Moreover, the dialogue of “Thor: TDW” lacks the wittiness and freshness “Thor” and “The Avengers”. In fact, the discourses can feel stilted, repetitive, and inconsistent at worse. Here’s what I considered to be a rather jarring
example: Odin (Anthony Hopkins) tells Thor early on that he and the rest of the Norse pantheon are not gods because they live and eventually die like all mortals, but soon afterwards compares Tor bringing Jane to Asgard as akin to…
bringing a goat to a banquet. Way to stay humble and wise, All-Father.
However, the effective attributes of “Thor: TDW” outweighs its shortcomings. The look of the sequel is every bit as fantastic as its forerunner, if not even a little bit more so. The combination of sci-fi aesthetics with an equally strong sense of fantasy feels seamless, as if someone decided to combine Star Wars with the Lord of the Rings. Watching the space-ships of the Dark Elves attack Rivendell- sorry, Asgard- reminded me why I read Thor comics in the first place: feuds and wars that seem mostly inaccessible to Marvel’s non-magical characters are able to take place with the likes of Thor, Doctor Strange and the Ghost Rider (don’t get me started on the latter’s movies…). Likewise, the fight sequences are exemplary especially (and ironically) with Thor’s final battle with Malekith, an exciting brawl that sends the two hurtling throughout Earth, Jotunheim, and the Dark World itself. The rest of the fights are clever and well executed, helping set the table for arguably the most thrilling sequence of the entire film. In addition, the 3D
version of the movie that I saw did what, in my mind, 3D movies should do: enhance the depth of the film subtly yet conspicuously. To put it another way, the 3D definitely adds a greater sense of texture to the film without becoming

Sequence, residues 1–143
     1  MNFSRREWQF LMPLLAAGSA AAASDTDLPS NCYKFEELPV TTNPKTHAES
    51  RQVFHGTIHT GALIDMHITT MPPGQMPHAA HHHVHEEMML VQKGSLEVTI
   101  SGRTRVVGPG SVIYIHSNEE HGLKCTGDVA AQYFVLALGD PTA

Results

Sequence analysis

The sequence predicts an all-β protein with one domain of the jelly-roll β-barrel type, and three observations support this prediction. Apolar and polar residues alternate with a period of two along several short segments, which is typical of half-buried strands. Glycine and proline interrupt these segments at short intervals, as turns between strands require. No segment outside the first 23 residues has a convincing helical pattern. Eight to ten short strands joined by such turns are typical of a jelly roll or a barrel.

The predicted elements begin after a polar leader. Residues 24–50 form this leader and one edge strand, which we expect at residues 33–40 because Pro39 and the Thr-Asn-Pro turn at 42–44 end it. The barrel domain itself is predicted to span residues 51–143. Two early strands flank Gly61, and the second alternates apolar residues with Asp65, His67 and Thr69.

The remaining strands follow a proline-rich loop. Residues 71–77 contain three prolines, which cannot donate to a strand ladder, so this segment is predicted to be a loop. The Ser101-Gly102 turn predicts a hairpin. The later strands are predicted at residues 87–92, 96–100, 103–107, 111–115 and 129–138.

distracting. You might as well catch the 3D version in theatres before you check out the regular DVD/Blu-Ray version for the same reason you would get a cheese-burger rather than just a hamburger.
The acting in “Thor: TDW” is pretty good, but it is Hiddleston’s performance as Loki that shines brightest. Loki switches from proud ex-king to a grieving son to a gleefully deranged egomaniac, and he
juggles each role without fail. He is easily the most unpredictable and most fun of all the characters and another reason to keep your eyes on the adventures of Odin’s Prodigal Son.
Lastly, a significant reason to watch “Thor: TDW” is a single sequence that takes place mid-credits. I viewed it with some interest even though Ididn’t realize who the new character was at first and chalked it all up as some foreboding omen. Afterwards, while gathering information needed for the review, I realized who the character was and who was playing him, striking me like a thunder-bolt. I had to check photos of the film to make sure my revelation was accurate, and sure enough my hunch was spot-on. Hmm, how do I explain this without giving away spoilers? Suffice it to say that one of Hollywood’s very best (hint: and hairiest) makes an appearance, unrecognizable and completely
immersed in character. This might not tell you much, but all you really need to know is that like Hiddleston and Robert Downey Jr, this could very well turn out to be one of Marvel Studios’ best casting choices. This mystery thespian is that talented.
“Thor: TDW” is a worthy addition to the Marvel movie continuity and a pretty good time overall. It stumbles at times, but for the most part it sprints pretty quickly. It doesn’t take off and fly like the first “Thor”, but it is still worth the ride.